Whether you're looking for low GI summer snacks or healthy sweet treats, this post has got you covered. Here are tasty low glycemic index recipes everyone will enjoy!
Wondering if grapes are safe for people with diabetes to include in their diet? Read on to find out.
Cholesterol plays a very important role in the human body, contributing to the structure of the cells, helping with vitamin D synthesis, and also promoting the production of steroid and sex hormones, like cortisol, aldosterone, testosterone, and estrogen. But how exactly is cholesterol connected to blood glucose levels?
We sat down with Kara Collier, our co-founder and VP of Health here at NutriSense, to take a closer look at how CGMs work and what you need to know about these devices before using one.
Are carbs and sugar the same? In this post, we break down the key differences between the two and share the benefits of complex carbohydrates.
Read on to learn more about DOMS, how long it can last, and then pick from our list of the best breakfasts to help beat that post-workout soreness, support muscle building, and encourage fat loss.
When it comes to lowering blood sugar levels, not all supplements are created equal. From ginseng to aloe vera, here are some of the best supplements to help avoid high blood sugar and encourage blood sugar control.
Bloating that results from a surgery can sometimes be an unexpected part of the recovery process. Is there anything you can do to reduce bloating or prevent it from happening? And what causes this bloating anyway? Read on to find the answer to these questions and much more to help you combat your post-surgery swelling.
Learn why fiber is classified as a carb and how to increase your intake of this health promoting nutrient.
Did you know Parkinson’s disease is the second most common neurodegenerative disease? Read on to learn what it's like living with PD plus discover treatment options.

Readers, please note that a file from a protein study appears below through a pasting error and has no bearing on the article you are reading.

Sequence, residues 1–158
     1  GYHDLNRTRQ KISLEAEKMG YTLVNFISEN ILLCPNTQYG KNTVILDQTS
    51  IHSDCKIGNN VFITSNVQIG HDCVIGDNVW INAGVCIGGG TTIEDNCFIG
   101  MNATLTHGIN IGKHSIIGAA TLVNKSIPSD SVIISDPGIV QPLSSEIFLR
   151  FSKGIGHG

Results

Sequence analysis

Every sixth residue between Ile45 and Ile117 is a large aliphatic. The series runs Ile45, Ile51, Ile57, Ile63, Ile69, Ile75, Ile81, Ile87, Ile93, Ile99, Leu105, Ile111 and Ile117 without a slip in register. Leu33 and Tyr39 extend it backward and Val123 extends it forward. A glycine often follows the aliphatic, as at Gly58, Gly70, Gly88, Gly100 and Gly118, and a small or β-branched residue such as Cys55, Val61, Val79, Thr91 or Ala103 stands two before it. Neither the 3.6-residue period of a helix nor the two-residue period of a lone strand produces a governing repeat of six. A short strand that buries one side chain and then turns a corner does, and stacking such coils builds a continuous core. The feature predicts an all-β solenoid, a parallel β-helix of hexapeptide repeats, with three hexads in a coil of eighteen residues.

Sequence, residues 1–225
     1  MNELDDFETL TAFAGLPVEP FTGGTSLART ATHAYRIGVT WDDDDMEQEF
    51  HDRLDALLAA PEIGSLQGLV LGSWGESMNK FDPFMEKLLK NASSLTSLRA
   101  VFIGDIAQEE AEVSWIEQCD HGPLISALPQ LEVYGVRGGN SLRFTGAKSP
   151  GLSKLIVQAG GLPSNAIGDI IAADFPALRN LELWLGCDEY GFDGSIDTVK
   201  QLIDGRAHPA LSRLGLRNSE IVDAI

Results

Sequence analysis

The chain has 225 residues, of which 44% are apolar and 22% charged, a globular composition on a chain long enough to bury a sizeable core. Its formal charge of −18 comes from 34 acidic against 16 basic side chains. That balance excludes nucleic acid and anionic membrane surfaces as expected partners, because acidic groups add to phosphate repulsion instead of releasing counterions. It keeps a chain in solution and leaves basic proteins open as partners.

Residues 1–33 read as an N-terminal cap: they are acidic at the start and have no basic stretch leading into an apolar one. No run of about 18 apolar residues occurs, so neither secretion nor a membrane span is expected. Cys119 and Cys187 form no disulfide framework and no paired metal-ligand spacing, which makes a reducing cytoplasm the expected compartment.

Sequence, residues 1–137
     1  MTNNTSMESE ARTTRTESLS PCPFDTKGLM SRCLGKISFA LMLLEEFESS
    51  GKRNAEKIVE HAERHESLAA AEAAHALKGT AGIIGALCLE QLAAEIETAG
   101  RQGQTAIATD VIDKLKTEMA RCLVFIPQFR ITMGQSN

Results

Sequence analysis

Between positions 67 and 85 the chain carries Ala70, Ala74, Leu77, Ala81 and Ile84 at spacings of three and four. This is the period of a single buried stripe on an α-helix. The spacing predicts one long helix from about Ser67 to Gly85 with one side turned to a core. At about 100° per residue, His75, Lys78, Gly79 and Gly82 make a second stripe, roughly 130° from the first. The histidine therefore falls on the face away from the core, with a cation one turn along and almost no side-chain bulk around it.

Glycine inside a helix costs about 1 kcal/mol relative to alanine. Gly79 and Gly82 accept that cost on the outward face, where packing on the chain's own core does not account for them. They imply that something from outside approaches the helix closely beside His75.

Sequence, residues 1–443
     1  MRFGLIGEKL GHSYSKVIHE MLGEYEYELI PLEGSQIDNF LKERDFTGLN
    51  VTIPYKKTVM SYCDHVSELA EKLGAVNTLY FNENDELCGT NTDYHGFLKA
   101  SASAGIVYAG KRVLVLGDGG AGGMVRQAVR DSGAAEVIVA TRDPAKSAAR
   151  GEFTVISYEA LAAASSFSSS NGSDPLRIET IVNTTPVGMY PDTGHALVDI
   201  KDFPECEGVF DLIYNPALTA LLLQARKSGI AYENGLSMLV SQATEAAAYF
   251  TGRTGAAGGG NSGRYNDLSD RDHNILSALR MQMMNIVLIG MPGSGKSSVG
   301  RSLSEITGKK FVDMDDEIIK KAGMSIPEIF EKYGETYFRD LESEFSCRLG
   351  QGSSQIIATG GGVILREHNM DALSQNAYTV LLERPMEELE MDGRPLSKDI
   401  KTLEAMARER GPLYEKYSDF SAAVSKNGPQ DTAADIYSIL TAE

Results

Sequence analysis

From rosemary water to dry scooping, should you be trying every new trend that hits TikTok? How can you tell which ones may help and which ones to steer clear of?
As great as sugar tastes, including too much of it in your diet can lead to certain health problems. Read on to learn more about the role sugar plays in keeping your skin healthy.
Read on to see which podcasts our dietitians recommend if you’re interested in learning more about nutrition and health.
Nicotine is a chemical in tobacco that can affect your health in various ways. Read our article to learn how it impacts blood sugar levels and insulin sensitivity.
CGMs are now an excellent tool for anyone who wants to optimize their metabolic health. Read on to find out more about the benefits CGMs can have for healthy people!
Although bariatric surgery can be an effective way to lose weight and improve health for people who are obese, it’s a major decision. Find out what lifestyle changes you need to make before going under the knife.
Excited to fire up the grill this summer? Read on to learn if grilling is healthy for you plus check out the NutriSense Nutrition Team's favorite grilling recipes for the season.
Did you know that your gut health can impact your blood glucose levels? Explore ways to improve your gut health for optimal glucose levels.
Rheumatoid arthritis is a chronic inflammatory autoimmune disease that can cause swelling and joint pain. Learn more about how it develops and how other health conditions affect its onset.
We’ve hand-picked the best weight loss apps available. Here are the thirteen best weight loss apps.
An emerging treatment, red light therapy promises to prevent and treat the signs of aging and other skin issues. Read on to find out more.
Struggling to stick with a health-promoting diet? Here’s how to make it enjoyable so you can reap the benefits.
VP of Health and co-founder of NutriSense Kara Collier discusses reaching optimal health through blood sugar regulation, what a continuous glucose monitor is, and who might benefit from using it.
In this episode of Zero to CEO, Jason Sherman talks to Dan Zavorotny about how to turn your idea into a 120 person team in 2.5 years.